New plant to deliver a safe nutrient-rich fertilizer made from recycled waste
With considerable fanfare, including speeches by government ministers and extensive press coverage, an alliance of public and private sector partners has launched the JVL Fortifer Compost Plant in Accra, Ghana. Based on research carried out by the International Water Management Institute (IWMI), the plant will contribute importantly to improving urban sanitation and thus reduce serious threats to human and environmental health, while at the same time helping boost farm productivity through improved soil fertility.
A joint venture between the Tema Metropolitan Assembly (TMA) and Jekora Ventures Ltd., this is the country´s first public-private enterprise dedicated to producing an affordable new organic fertilizer FortiferTM. In the next year, Jekora is committed to market 500 tons of the product, investing US$90,000 of its own funds in plant operations and maintenance as well as product commercialization. Made through processing of human and other organic waste, the product is a safe, nutrient-rich compost, which the plant will sell in powder and pellet forms.
As demonstrated by extensive field trials, FortifierTM improves the yields of common grains, like maize and rice, as well as vegetable crops, including okra, tomatoes, pepper, cabbage and lettuce. To manufacture the product, the plant will treat 12,500 cubic meters of fecal sludge – waste contained in the septic tanks of household and public toilets. This is the amount generated annually by up to 100,000 people. The plant will also recycle 700 tonnes of pure organic food waste, segregated at its source to prevent contamination from other solid wastes.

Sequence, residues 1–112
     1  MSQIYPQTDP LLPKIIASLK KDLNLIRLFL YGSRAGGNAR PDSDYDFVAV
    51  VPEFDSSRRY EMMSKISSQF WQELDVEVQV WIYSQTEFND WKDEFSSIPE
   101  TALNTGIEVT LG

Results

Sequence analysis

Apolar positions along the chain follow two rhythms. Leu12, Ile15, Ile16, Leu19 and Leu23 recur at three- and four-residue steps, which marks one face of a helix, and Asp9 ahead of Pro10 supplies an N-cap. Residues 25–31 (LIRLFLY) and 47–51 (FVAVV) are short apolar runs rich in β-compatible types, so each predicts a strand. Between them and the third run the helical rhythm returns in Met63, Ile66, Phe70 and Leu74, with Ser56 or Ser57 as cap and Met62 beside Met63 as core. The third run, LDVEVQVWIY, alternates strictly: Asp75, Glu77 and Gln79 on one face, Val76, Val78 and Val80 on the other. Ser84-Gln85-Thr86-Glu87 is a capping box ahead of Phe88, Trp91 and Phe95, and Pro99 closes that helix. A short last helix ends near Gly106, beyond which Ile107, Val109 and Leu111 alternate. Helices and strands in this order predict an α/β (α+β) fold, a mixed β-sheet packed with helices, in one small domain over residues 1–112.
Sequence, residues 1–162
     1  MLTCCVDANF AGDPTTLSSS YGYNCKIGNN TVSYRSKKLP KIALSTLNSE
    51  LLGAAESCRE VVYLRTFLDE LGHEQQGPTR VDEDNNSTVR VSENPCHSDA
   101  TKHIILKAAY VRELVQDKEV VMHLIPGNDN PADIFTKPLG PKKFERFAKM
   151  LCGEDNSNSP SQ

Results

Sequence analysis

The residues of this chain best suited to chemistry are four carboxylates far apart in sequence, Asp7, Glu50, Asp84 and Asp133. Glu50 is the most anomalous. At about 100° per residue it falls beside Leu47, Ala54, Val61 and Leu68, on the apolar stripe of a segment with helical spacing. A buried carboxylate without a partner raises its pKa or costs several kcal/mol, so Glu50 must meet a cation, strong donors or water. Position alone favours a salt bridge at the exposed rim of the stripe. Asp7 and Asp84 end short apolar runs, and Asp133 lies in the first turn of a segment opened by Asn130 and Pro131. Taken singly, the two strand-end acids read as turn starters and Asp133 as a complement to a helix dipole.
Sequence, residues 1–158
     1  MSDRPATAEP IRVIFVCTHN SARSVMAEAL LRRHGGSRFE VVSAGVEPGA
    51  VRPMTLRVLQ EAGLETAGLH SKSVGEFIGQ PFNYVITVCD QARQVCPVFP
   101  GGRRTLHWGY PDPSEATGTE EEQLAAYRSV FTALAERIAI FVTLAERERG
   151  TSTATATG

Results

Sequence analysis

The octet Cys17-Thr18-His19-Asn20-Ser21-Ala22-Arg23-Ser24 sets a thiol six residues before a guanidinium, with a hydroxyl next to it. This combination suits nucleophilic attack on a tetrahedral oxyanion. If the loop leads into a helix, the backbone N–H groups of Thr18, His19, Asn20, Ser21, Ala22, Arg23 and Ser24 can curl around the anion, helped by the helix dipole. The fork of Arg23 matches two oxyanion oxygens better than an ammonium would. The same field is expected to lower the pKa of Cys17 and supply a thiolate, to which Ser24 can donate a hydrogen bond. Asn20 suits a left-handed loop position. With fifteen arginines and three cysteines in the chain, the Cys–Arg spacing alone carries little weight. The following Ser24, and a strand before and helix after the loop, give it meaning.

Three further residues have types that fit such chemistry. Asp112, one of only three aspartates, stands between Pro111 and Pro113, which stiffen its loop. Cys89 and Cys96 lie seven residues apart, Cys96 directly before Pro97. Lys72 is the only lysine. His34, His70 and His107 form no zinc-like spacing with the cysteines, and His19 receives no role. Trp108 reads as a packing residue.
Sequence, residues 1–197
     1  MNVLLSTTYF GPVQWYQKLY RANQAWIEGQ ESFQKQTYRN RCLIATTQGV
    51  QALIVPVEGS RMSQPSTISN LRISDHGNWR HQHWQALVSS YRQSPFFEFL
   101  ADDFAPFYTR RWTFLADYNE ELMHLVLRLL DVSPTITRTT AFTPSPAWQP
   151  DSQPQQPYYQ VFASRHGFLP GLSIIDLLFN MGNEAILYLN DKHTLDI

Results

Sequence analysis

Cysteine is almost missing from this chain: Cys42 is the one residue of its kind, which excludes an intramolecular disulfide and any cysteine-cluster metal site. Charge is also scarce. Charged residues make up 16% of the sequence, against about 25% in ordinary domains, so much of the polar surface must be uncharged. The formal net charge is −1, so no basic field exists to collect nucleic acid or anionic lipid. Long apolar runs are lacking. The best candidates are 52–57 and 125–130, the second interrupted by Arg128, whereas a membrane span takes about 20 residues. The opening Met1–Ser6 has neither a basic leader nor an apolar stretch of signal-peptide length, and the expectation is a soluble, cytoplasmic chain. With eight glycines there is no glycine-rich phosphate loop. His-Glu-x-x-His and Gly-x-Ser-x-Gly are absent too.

The final product, technical process and public-private business approach resulted from more than a decade of research at IWMI, which in recent years has advanced this work through the IWMI-led CGIAR Research Program on Water, Land and Ecosystems (WLE). Working with local and international partners, IWMI started the research with a pilot plant in Kumasi, Ghana, culminating in development of the certified FortiferTM product. This work received support through grants from partners in France, Switzerland and other countries, including most recently the Bill & Melinda Gates Foundation, governments of Canada, the UK and Ghana as well as the CGIAR Fund.
The compost plant does not require sophisticated or expensive technology and expertise. Its success depends rather on a viable business model, which IWMI and its partners have refined over the years at the Institute’ research-for-development hub in Ghana. Building on this experience, IWMI researchers are also promoting the approach in Asia, as part of a wider effort to achieve more circular economies in the developing world.
Taking human and other household waste, the plant filters and dries this material on beds of sand. Next, the dried sludge is mixed with organic food waste or sawdust and “co-composted” for 3 months. This involves regular heaping and turning of the material as it decomposes. Heat generated in the process kills any pathogens in the waste, giving a product that meets the safety standards set by the World Health Organization (WHO) for reuse of human excreta.
TMA provided land for the treatment plant and will ensure steady supplies of fecal sludge, while also monitoring plant operations. In addition, working with the Ghanaian NGO TREND (Training, Research and Networking for Development), it has helped engage with public authorities to obtain environmental permits, approval by the Ministry of Food and Agriculture, and certification of the fertilizer product.
Pilot trials suggest that the waste recovery process can generate enough income to earn a profit, which researchers expect will attract further public and private investments to help cover the costs of waste treatment, creating more benefits for society benefits through reduced pollution.
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